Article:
New Internet Telephone Services
We all probably cannot forget the do-do---do-do-do orange TV advertisements saying that people do stupid things. All of those were professionally staged and produced. They did bring my attention to Vonage one of the new Internet telephone service providers.
Internet telephony has been around for at least ten or more years. Over that time it has evolved significantly by Internet improvements designed to support voice traffic.
Voice and web site traffic are two different animals. Web site traffic can be delivered at any speed. The IP (Internet Protocol) provides best effort delivery. It does its best to deliver web site content to you, but if it does not get there quickly, so what.? You will request the web page content again. Voice is different. It streams into our phones at a rate of 64K bps. The 64K bps speed derives from the way that the Telephone network first encoded a voice telephone channel for digital transmission. Voice traffic must arrive at the constant 64K bps speed, otherwise we hear it clipped or warbled.
So ten years ago Quality of Service (QoS) was introduced into the Internet to give voice traffic higher priority over web site traffic. In this manner the voice traffic could stream in at 64K bps with certainty, while the web site traffic remained best effort. Some rough quick metrics are:
1.Voice Telephone line = 64K bps but today some run at 90K bps and provide better voice quality.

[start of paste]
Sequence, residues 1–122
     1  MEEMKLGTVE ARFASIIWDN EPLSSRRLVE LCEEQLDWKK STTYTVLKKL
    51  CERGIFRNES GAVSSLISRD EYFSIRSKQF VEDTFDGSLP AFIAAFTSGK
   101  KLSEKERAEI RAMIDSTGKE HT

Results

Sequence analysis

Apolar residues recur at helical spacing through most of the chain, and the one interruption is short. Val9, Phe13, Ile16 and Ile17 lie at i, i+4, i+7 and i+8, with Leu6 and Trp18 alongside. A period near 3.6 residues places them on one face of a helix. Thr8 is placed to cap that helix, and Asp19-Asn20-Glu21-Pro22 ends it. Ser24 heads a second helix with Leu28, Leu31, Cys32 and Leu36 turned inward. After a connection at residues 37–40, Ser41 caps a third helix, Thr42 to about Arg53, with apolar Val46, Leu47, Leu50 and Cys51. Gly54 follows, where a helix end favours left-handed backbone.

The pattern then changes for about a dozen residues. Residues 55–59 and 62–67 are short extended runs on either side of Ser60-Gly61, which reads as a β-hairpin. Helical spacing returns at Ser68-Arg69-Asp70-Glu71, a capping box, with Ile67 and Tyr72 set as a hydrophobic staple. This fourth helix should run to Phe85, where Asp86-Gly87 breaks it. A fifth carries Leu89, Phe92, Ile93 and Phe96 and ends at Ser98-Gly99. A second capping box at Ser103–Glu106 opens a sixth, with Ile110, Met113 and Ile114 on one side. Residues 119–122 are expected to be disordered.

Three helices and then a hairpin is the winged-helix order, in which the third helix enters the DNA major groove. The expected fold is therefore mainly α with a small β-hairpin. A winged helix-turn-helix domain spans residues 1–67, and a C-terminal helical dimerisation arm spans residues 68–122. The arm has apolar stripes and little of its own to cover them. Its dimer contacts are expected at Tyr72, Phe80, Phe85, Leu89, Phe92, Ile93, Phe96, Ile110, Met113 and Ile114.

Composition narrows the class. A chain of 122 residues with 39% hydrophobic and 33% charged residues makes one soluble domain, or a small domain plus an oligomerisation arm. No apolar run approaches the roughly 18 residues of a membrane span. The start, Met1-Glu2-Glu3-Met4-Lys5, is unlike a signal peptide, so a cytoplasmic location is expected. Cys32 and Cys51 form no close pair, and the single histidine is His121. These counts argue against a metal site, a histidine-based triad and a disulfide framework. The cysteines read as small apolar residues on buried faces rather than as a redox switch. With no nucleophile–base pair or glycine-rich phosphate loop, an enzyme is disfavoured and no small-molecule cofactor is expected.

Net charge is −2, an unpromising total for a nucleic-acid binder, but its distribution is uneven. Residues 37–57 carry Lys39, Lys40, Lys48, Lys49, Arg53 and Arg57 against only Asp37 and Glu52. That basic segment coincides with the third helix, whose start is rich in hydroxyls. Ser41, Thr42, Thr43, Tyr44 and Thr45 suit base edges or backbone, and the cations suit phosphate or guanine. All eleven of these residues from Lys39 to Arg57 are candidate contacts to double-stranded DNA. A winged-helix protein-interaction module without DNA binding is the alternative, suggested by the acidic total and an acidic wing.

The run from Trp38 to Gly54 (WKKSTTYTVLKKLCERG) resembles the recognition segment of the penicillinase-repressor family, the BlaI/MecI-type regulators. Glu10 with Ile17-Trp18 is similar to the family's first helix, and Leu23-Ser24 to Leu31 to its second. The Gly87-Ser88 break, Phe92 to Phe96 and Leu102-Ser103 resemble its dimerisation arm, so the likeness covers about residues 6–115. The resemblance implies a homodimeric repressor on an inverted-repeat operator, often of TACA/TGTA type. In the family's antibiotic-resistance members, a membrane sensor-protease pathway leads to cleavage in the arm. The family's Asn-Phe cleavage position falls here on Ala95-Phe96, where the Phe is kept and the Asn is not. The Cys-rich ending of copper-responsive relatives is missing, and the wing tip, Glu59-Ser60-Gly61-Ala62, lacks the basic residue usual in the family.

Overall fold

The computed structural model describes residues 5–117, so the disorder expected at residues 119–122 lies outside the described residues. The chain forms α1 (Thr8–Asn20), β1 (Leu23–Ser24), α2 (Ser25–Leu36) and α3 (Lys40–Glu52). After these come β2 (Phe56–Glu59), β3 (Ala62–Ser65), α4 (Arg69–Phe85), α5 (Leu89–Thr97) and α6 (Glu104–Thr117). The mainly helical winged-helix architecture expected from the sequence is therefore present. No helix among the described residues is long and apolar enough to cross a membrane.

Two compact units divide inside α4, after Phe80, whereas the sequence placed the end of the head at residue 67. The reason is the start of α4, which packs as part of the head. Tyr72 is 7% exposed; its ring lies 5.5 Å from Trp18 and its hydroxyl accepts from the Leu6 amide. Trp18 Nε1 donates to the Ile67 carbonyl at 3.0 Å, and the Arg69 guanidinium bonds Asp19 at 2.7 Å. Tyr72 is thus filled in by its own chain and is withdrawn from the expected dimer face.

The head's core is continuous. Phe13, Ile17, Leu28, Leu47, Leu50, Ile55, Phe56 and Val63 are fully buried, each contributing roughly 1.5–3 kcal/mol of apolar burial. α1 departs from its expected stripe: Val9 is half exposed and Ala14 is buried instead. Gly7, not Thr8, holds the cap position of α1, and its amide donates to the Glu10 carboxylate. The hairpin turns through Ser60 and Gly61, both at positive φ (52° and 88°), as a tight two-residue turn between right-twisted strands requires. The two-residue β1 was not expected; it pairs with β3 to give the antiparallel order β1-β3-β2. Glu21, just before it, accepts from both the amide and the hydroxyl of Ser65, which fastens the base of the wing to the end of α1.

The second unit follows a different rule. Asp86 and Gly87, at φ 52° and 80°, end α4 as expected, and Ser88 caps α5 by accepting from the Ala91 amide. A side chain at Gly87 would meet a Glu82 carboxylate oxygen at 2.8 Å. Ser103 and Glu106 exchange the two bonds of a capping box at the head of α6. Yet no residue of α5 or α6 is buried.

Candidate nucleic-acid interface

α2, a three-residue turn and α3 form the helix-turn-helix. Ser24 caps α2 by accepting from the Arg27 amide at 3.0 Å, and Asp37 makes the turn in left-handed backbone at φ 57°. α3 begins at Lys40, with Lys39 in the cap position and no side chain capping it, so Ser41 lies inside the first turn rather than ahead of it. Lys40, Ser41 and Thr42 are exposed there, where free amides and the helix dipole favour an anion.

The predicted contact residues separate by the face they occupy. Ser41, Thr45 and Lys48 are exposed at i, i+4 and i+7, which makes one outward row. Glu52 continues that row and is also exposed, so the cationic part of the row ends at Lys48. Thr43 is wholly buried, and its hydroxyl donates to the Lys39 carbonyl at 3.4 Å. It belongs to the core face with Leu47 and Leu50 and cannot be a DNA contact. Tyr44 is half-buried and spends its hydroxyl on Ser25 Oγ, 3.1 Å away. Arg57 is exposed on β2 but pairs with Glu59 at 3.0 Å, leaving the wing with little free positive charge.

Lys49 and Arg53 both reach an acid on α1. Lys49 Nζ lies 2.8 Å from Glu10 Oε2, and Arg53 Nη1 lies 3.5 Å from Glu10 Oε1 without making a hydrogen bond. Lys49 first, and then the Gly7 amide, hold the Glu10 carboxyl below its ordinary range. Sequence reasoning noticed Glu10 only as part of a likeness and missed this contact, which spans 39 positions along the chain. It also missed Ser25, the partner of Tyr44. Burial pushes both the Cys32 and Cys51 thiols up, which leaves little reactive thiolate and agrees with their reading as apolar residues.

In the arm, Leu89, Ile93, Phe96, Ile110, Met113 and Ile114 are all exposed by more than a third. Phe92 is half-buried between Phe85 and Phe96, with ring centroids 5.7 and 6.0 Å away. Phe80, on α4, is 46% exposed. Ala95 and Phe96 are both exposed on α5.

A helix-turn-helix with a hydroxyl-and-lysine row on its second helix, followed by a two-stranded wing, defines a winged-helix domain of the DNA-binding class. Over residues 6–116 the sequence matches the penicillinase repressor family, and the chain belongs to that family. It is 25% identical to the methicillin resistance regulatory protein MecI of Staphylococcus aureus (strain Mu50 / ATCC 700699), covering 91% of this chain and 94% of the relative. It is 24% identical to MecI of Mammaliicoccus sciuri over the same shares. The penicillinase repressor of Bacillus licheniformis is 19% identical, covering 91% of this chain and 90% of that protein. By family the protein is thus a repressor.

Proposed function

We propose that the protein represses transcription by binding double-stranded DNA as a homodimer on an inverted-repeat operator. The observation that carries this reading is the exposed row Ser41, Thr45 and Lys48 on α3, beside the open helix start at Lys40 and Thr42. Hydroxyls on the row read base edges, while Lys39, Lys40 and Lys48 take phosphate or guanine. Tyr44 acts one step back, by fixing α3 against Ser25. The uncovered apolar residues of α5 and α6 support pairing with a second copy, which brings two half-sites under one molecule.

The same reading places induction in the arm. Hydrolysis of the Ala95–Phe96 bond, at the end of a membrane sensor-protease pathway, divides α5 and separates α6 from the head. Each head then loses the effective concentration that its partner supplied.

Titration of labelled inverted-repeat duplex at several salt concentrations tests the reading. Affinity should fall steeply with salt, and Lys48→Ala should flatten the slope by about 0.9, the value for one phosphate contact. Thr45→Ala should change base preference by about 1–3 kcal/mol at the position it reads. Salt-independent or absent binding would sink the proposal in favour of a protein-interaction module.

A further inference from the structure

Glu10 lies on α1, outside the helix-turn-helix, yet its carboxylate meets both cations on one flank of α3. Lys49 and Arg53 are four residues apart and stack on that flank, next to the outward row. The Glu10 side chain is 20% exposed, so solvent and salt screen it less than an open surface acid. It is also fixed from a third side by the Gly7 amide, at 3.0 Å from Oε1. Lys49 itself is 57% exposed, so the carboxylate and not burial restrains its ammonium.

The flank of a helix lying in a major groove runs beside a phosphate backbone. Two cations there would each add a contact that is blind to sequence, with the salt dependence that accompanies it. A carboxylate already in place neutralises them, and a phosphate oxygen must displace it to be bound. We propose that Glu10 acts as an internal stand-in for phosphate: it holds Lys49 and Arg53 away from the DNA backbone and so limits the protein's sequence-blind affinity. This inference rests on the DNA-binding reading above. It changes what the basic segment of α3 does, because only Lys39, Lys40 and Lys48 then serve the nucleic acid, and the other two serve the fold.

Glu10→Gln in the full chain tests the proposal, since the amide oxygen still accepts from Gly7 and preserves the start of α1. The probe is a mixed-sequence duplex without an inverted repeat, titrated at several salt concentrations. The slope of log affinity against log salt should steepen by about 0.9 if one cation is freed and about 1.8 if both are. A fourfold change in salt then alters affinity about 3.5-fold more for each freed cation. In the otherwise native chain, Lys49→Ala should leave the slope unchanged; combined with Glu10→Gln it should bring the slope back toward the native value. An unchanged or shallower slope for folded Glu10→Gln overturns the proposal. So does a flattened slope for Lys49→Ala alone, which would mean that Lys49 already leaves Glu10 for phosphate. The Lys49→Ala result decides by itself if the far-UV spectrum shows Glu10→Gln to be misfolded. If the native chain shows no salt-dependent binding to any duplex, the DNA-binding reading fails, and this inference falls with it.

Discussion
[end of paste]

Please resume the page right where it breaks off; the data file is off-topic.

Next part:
2.Standard TV = 384K bps – this is 4:3 aspect ration television.
3.HDTV = roughly 1,544K bps
4.Twenty four voice lines = one T-1 line = 1,500K bps or 1.544M bps
On the Internet today (that Al Gore did not invent – I have personally met some of the people that really invented the Internet.) carries all this traffic in digital form. It can carry these loads because the Internet communications links that interconnect the towns and cities in the United states are fiber optic links running at speeds up to around 10 billion bits per second (bps).
Voice over Internet Protocol (VoIP) is the technology used by everyone to encode voice into packets with Quality of Service tags that permit voice to be streamed across the Internet into the receiving phone at 64K bps. Vonage, Comcast, and Verizon all provide boxes that work with normal analog phones to encode/decode voice into VoIP data streams and send them across the Internet.
Vonage charges a flat rate of $26 per month for both local and long distance phone service. Because of Federal Law guarantying number portability, you can switch to Vonage or Comcast from the Telephone Company and keep your same phone number. From the VoIP box you can call anywhere, but for some calls there is still a per minute charge because of International regulations. In theory when you pay a flat fee to connect your phone to the Internet, you should be able to make phone calls to anywhere that the Internet connects. The SKYPE software and service among others turns your PC into a phone. Other services and software make PCs into fax machines. All are based on Internet technology and QoS.
The 911 calls present a problem for VoIP services. They solve this by having you register your number with your physical location. Then your 911 calls are routed to the 911 service local to you along with your physical location information.
My conversion to Vonage presented a unique problem because as a nerd I have a PBX or telephone switch system in my home. Once connected, Vonage worked well and saves me money each month.
Link to "Is an Internet Phone Right for You?"
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